Weapon sales to Iraq have become entangled in sharply escalated political debate after al-Qaida affiliated forces regained partial control of the cities of Fallujah and Ramadi.
Aides to Senate Foreign Relations Committee Chairman Sen. Robert Menendez, D-N.J., criticized the Obama administration last week, saying it had failed to engage Congress constructively on policy decisions, delaying the sale of certain weapon systems to Iraq.
Yet concern also exists that the Iraqi government could use some weapons against civilian opposition.
Menendez and others on the Hill voiced such concerns over US plans to sell Baghdad several Apache attack helicopters. Lawmakers are concerned that the Shia-dominated government of Iraqi Prime Minister Nouri al-Maliki could use the platforms to attack Sunni civilian opposition groups in Anbar province.
Often lost in the heated debate over aid and recent US policy is the fact that the United States has already sold or donated billions worth of equipment to the Iraqi security forces. In July 2013 alone, the US announced more than $4 billion in arms sales to Iraq, including 50 Stryker infantry vehicles, helicopters, missiles, communications equipment and a proposed $750 million logistics and maintenance contract that would ensure the health of all of the equipment into the future.
In an outgoing briefing with reporters before his retirement on Jan. 8, DoD policy chief James Miller said that complex foreign military sales (FMS) take time and planning to do properly and legally.
“We always want to work more quickly, but we’ve worked to make our foreign military assistance, our foreign military sales system, work as rapidly as possible,” he said. The United States has already sold more than 300 Abrams tanks to Iraq, along with 36 F-16 fighters due to be delivered by 2018.
Iraq also boasts US-made M113 infantry carriers, Humvees, Raven and ScanEagle drones, C-130 transport planes and Cessna 208 Caravans equipped with Hellfire missiles.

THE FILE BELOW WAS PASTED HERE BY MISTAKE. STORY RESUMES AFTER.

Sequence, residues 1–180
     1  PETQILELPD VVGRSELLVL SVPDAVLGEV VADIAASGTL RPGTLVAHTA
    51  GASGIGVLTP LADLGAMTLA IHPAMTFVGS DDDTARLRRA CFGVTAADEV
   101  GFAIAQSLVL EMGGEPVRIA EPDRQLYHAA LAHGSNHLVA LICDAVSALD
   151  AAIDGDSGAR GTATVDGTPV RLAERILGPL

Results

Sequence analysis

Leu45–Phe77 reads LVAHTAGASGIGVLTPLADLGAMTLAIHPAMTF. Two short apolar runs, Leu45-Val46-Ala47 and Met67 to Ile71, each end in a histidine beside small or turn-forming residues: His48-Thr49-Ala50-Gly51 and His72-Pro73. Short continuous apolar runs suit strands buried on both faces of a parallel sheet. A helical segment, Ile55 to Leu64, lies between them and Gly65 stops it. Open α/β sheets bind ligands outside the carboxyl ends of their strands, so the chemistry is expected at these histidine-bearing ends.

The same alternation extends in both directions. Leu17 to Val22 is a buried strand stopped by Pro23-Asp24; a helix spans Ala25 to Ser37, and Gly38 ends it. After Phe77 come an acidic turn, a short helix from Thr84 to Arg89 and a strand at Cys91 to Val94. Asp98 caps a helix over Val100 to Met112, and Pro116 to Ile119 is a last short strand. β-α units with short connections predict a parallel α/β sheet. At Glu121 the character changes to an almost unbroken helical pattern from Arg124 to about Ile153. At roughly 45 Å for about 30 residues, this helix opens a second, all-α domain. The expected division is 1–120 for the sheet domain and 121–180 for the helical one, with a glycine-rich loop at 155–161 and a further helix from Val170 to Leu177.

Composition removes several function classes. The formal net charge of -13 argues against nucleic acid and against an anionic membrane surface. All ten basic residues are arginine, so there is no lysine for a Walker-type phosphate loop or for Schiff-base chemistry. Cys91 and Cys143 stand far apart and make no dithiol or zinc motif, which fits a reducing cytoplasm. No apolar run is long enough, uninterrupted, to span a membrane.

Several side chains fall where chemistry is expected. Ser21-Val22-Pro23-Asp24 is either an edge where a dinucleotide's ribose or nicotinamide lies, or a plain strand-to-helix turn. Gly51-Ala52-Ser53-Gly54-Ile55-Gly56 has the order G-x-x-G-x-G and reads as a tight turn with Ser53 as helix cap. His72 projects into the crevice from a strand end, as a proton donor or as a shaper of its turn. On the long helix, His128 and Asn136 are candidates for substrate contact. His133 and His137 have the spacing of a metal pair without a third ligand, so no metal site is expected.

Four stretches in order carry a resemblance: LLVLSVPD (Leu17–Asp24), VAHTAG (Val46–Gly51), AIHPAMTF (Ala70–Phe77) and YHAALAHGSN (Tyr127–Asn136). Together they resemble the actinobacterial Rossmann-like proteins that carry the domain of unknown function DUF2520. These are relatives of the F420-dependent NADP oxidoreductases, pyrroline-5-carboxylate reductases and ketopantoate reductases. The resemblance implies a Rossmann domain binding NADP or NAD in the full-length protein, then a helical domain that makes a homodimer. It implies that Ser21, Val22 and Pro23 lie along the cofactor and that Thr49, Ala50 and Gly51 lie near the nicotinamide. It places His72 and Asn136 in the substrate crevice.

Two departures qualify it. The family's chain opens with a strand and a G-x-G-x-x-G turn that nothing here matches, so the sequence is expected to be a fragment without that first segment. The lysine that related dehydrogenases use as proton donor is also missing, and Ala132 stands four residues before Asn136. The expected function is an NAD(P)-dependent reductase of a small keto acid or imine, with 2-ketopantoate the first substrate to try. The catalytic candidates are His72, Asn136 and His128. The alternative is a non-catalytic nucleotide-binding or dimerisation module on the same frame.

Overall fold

Miller also pushed back at criticism over US policy in the country, noting spillover from the turmoil in Syria and political dynamics in Iraq.
“I don’t see what’s happened since our withdrawal as a failure of policy,” he said. “I see what’s going on as a continued effort to work with Iraq to strengthen Iraq’s ability to combat terrorism.”
Despite this, Sen. John McCain, R-Ariz., insists that the Iraqis “need more. They need intelligence capabilities. They need more air capabilities. They need more planning capabilities.”
Democrats, such as Senate Armed Services Committee Chairman Sen. Carl Levin of Michigan and senior Foreign Relations Committee member Sen. Ben Cardin of Maryland, say they support additional arms sales beyond shipments the White House put on a fast track last week. But they support it with strings attached.
Baghdad has “got to do a lot more in terms of bringing in the Sunni groups that want Iraq to be a country, who aren’t part of al-Qaida, who aren’t extremists,” Levin said. The United States also needs “to have assurances what those weapons would be used for and who they would be used against. I’m for additional military aid for Iraq but only when those concerns have been met.”
McCain agreed, telling Defense News that Maliki needs to “reach out to the Sunnis to try and have some kind of reconciliation.” He insisted that “if we had stayed, there would have been that reconciliation. Instead, we left, and things went to hell in a hand basket — just as I predicted.”
These criticisms don’t always sit well with members of the Obama administration.
“We have to be honest about the limits of US control over events in a sovereign country,” said Julie Smith, who was deputy national security adviser to vice president Joe Biden until June 2013.
Over the last several years, president Obama’s deputy national security adviser Tony Blinken “was actually acting more like the Iraq desk officer” though his trips to Baghdad and continuous meetings with Iraqi officials were not always publicized, she said
“In this case it was a lot of crisis management and personality management” Smith said, adding that in cases like Iraq — which harbors obvious sensitivities over US involvement in domestic affairs — “there are circumstances where quiet, behind closed doors engagement is needed, and it could be detrimental if made public knowledge.”